Celebrations to mark one of the most important dates in the Sikh calendar have been cancelled or postponed because of the coronavirus pandemic.
Vaisakhi, which this year falls on Monday, commemorates the creation of the Khalsa, a collective body of initiated Sikhs.
In past years, thousands have gathered in the towns and cities that are home to England's largest Sikh communities.
But now gurdwaras have found ways to take Vaisakhi into people's homes.
Celebrations in Leicester, Southall and Gravesend have also been brought to a halt.
In London, cultural advisor to the mayor, Manraj Singh Othi, said while Vaisakhi had brought together Londoners, Sikhs and non-Sikhs alike, public safety came first.
Those feelings were echoed by the Council of Sikh Gurdwaras in Birmingham - and in Southall, west London, gurdwara general secretary Navraj Singh added: "No event in the Sikh calendar should endanger lives."
At any other time, celebrations would have included colourful street processions, or nagar kirtans, and free food, or langar, as well as cultural activities including arts, crafts, entertainment and martial arts.
But this year, religious worship has moved online and the Sikh practice of offering food was set to be taken out to the community, as people self-isolated and stayed at home.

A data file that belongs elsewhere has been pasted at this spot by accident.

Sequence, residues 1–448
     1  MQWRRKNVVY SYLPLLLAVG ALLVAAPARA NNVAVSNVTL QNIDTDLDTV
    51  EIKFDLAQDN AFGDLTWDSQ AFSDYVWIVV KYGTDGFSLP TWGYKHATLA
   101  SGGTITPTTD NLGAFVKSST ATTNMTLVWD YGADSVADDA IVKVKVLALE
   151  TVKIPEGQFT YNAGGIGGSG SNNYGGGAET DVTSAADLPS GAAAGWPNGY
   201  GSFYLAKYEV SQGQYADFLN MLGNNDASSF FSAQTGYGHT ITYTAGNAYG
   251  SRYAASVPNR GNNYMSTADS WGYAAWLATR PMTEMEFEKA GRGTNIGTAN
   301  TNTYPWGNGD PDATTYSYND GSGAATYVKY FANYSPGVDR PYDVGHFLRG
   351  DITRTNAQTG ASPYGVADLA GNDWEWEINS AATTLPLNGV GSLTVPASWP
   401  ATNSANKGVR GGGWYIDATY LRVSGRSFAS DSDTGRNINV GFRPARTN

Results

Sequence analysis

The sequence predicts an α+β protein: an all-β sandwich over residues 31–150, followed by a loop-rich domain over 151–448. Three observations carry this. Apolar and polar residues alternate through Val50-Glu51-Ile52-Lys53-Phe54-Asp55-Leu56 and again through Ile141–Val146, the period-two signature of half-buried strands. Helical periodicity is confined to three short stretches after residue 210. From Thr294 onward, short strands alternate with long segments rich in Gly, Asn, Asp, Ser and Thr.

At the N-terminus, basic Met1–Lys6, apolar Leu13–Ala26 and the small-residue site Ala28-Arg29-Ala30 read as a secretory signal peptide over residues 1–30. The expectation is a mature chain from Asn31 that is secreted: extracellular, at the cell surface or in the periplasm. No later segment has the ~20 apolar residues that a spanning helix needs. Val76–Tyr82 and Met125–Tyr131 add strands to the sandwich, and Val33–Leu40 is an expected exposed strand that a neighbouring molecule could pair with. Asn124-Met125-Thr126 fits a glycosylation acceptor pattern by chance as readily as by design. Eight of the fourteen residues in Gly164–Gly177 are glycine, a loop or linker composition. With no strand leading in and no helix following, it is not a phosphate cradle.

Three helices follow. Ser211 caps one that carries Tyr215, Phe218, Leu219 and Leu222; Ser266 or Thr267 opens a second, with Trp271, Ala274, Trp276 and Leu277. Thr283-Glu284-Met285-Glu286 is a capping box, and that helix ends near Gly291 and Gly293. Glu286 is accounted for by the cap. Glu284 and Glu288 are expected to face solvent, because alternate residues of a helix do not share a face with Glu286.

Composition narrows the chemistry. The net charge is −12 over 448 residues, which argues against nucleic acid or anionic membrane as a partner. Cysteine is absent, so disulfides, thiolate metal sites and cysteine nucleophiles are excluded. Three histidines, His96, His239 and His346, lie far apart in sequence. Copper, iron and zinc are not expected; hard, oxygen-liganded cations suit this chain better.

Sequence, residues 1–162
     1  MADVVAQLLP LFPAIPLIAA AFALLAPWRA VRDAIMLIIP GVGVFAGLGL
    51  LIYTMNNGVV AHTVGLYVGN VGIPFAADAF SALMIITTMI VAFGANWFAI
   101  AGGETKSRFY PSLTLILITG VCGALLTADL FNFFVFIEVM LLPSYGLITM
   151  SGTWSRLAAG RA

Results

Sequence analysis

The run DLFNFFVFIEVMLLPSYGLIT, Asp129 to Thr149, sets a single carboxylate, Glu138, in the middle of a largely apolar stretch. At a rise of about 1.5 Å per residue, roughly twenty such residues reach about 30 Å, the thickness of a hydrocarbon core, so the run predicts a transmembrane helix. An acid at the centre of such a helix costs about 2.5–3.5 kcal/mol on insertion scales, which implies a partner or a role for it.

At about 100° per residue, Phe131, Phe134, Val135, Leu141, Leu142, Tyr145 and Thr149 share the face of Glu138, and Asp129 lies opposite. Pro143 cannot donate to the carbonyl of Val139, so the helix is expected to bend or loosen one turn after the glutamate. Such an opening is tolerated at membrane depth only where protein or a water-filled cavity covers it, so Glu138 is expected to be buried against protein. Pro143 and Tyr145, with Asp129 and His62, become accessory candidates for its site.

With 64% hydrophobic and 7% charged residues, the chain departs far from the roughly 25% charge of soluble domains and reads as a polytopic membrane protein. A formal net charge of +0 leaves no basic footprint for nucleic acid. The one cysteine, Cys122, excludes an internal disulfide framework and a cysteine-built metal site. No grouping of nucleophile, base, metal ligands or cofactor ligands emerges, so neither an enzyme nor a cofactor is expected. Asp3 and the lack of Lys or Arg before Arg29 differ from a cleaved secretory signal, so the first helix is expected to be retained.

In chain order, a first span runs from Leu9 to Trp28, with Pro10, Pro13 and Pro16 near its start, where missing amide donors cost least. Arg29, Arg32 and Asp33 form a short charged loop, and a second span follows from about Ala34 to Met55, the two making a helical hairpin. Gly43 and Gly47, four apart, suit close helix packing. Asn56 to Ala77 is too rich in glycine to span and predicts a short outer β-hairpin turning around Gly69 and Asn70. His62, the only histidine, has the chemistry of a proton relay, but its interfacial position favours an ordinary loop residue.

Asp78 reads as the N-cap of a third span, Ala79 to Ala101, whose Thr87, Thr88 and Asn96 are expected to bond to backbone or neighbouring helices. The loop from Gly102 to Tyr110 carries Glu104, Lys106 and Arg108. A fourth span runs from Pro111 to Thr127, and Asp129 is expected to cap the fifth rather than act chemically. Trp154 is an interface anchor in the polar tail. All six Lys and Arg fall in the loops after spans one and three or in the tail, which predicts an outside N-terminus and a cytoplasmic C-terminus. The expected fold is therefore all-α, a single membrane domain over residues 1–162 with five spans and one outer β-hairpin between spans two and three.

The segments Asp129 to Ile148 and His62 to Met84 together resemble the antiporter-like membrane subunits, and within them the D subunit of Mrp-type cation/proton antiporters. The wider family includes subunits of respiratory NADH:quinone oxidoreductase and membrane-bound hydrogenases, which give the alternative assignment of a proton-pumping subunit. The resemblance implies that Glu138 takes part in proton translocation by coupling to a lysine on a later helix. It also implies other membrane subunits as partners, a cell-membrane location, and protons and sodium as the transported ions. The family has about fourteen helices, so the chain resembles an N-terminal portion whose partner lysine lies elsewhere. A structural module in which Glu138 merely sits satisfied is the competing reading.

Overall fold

In Leicester, that initiative has been backed by the Leicestershire Police Sikh Association, which has been helping to cook and deliver meals, distributing between 300 and 400 meals to people each day.
But there have still been mixed feelings.
In Hayes, also in west London, volunteer Sundeep Kaur Gosal said she missed the vulnerable people she would usually help with her "mind and heart", while Nari Sohal, from Slough, who volunteers for the charity Swat, said: "Life feels like it's at a standstill."
However, as reports emerged that ethnic minority communities were being hit hardest by covid-19, Harjinder Panesar, chairwoman of Harrow Sikhs, said she was relieved events had been cancelled, adding: "We can return next year when we have a vaccination."
Sukhjeevan Singh, from the Sikh Council UK, said special food production guidance compiled by the Sikh Doctors Association had been issued to gurdwaras during the pandemic.
Before the covid-19 crisis, gurdwaras already had "langar-managers" who had food hygiene training, allergen awareness, and food handling and hygiene policies in place, he added.
He said gurdwaras serving langar registered their facilities with their local authorities in a similar way to restaurants.
In Gravesend, Kent, the gurdwara had expected about 10,000 people to celebrate Vaisakhi.
Newly-elected president Manpreet Singh Dhaliwal said, along with the virtual prayers and food deliveries, the gurdwara had been taking langar to NHS workers in several hospitals nearby.
Gravesend priest Giani Amerjit Singh said it was to say "thank you to all these people working on the frontline".
Hardev Singh Sohal, from Liverpool's United Sikh Association and Guru Nanak Gurdwara, said: "We believe the whole human race is one. We are all equal. Our religion believes in service and humanity. We help everybody."
He said all gurdwaras in Liverpool remained closed and this year he would be spending Vaisakhi at home with his daughter.